One needn’t look far to find tirades against abortion that verge on the concept of national sin. One needn’t search far to find the implication that, in a democracy, a person is responsible for the moral, if sometimes unintended, consequences of his or her vote. Can we then do away with this idea that national sin is somehow an affront to our foundational ideals, that belief in individual freedom is somehow incompatible with the existence of large societal structures?

The arguments against abortion are by now well-known to all. Less well-developed is the argument for the dignity of the lives of the elderly, so much so that one almost exclusively hears the term “dignity” applied to the lives of the elderly when the topic is physician-assisted suicide. Today, as I write these words, our culture of death reveals itself in the discourse surrounding the COVID-19 pandemic. Political leaders and commentators argue that the lives of a few (hundred? thousand? more?) elders and people with compromised immune systems may be a worthy sacrifice to maintain ridiculous 2019 levels of production and consumption. I believe the pressure to choose between these lives and a thriving economy is artificially constructed, and both Right and Left are implicit in that construction, but that’s another topic altogether. My concern here is what our discourse reveals about our national soul.

Right now, men have armed themselves with rifles and stormed a state capitol; cities have rescinded orders that masks me worn in public because enraged customers threatened helpless service workers; millions console themselves with the thought, frequently expressed, that this plague only takes from us the old and the impaired; a protester in Nashville held a sign emblazoned with the slogan “Sacrifice the weak—reopen Tennessee” and barely stood out from the crowd (a photo of another protestor with a sign reading “Arbeit Macht Frei” can scarcely be believed); would-be militants are amassing in ever-growing Facebook groups that call for “the Boogaloo,” their term for a second American civil war; prominent Republican politicians have signaled their willingness to die for the economy, with the suggestion that others should do the same; and the prominent conservative Christian journal First Things argues that the preservation of “life” has become a Satanic preoccupation—human life is sacred even as a zygote or in a vegetative state but not, it seems, when the economy is endangered.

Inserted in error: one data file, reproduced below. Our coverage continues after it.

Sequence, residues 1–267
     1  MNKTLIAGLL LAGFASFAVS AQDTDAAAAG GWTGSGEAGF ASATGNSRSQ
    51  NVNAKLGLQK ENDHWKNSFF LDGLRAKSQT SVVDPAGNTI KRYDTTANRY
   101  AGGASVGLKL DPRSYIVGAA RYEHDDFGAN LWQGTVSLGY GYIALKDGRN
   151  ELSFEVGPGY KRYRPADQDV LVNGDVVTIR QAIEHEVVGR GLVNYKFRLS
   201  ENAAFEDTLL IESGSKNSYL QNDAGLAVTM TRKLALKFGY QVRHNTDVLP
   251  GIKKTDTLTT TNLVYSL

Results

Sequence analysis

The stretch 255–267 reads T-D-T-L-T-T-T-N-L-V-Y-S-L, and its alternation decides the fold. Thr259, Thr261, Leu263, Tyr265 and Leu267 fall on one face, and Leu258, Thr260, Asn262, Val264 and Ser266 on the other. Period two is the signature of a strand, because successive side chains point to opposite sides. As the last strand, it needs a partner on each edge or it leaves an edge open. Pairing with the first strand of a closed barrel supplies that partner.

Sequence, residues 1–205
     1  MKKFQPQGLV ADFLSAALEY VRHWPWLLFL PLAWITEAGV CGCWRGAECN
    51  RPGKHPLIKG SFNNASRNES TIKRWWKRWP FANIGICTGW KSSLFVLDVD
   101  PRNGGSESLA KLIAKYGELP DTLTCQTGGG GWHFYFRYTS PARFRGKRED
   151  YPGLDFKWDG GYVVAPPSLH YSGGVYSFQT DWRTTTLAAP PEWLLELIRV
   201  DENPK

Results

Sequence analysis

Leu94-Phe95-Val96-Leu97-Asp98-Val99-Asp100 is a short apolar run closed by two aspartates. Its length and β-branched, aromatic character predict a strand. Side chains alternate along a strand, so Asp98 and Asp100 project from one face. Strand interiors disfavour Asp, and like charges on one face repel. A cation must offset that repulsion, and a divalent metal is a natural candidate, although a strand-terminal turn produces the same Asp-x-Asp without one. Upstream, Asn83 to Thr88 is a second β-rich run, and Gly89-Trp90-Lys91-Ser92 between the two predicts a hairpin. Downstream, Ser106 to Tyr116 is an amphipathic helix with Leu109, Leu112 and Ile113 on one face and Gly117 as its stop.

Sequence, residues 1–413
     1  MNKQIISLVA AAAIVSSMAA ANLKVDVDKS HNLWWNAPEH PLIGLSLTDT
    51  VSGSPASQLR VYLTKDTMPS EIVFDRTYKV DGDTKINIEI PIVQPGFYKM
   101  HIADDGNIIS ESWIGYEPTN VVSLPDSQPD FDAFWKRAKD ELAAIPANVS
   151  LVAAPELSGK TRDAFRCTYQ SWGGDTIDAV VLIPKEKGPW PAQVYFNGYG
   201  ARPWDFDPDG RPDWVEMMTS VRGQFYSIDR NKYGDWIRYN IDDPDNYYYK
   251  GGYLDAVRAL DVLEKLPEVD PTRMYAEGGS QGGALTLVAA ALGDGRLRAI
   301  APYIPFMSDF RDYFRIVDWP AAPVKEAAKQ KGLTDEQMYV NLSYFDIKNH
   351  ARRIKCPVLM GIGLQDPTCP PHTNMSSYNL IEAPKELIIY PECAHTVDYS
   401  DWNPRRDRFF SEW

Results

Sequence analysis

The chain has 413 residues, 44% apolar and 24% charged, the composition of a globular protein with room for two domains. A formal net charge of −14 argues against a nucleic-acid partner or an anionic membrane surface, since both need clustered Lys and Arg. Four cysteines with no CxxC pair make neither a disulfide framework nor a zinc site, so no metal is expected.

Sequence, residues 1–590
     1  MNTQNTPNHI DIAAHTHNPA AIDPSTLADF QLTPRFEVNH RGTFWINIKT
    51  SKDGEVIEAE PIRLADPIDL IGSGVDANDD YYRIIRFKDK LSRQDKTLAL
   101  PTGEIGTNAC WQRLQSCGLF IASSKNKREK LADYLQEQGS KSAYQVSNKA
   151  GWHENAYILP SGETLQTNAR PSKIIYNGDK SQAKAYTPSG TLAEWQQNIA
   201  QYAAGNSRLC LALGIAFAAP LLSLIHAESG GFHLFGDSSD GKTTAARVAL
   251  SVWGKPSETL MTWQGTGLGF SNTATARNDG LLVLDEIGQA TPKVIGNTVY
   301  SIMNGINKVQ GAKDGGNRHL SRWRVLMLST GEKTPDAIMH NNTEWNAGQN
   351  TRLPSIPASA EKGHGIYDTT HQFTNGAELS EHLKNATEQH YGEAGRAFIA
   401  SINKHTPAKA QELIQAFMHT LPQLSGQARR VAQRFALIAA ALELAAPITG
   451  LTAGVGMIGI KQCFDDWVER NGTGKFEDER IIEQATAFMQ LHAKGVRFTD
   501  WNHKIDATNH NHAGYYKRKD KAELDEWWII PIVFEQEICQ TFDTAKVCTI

My suggestion is not that most Republicans suffer from rank hypocrisy or that the Democrats are any better when the dignity of life is concerned. I suspect that the Republicans I described above are following a logic that they have faithfully maintained all along, a logic that Democrats, who do not currently enjoy the luxury of executive power, simply haven’t had the opportunity to exercise: that the dignity of human life is inviolable except at the expense of our wealth. Everyone is pro-life when their bank accounts are full.

There is a reason it is far worse to be poor or sick in the United States than in any other Western-style democracy. We repeatedly sacrifice the welfare of the widow and the orphan in order to maintain ever lower marginal tax rates. Greed, sloth, gluttony, indolence: these are our national sins. Ease, comfort, autonomy, individual license, libertinism: these are our national idols. We cannot tolerate a year without continued and unprecedented economic growth for the same reason we cannot tolerate another nation (Russia, China, Japan, Iran) exerting even the most meager displays of power within its own sphere of influence, not because (or not merely because) we have deeply held core values such as universal human liberty and economic liberalism, but because such events disrupt the global hegemony, the financial dominance, and the influx of cheap consumer goods on which our easy way of life depends. We cannot tolerate returning (as we have) to 2012 levels of production, about which very few people complained in 2012. Something must be done! Punish China! Sacrifice the elderly! Do whatever it takes—this cannot go on!

We are what historian Stephen Kotkin calls a “providential nation,” which is just another way of saying we are a nation that suffers from the delusion of its own chosen-ness, its own special status before Almighty God (Russia is another such nation). But we are not chosen. We are not special. We are a people sick with sin. Perhaps God will send us a new Jonah or Malachi to provoke our repentance. In the meantime, however, we are making a spectacle of ourselves in the streets and our virtual communities, waving guns and obscenities, still consuming as much as we can, living on our reserves of fat, and complaining that we cannot indulge our every whim.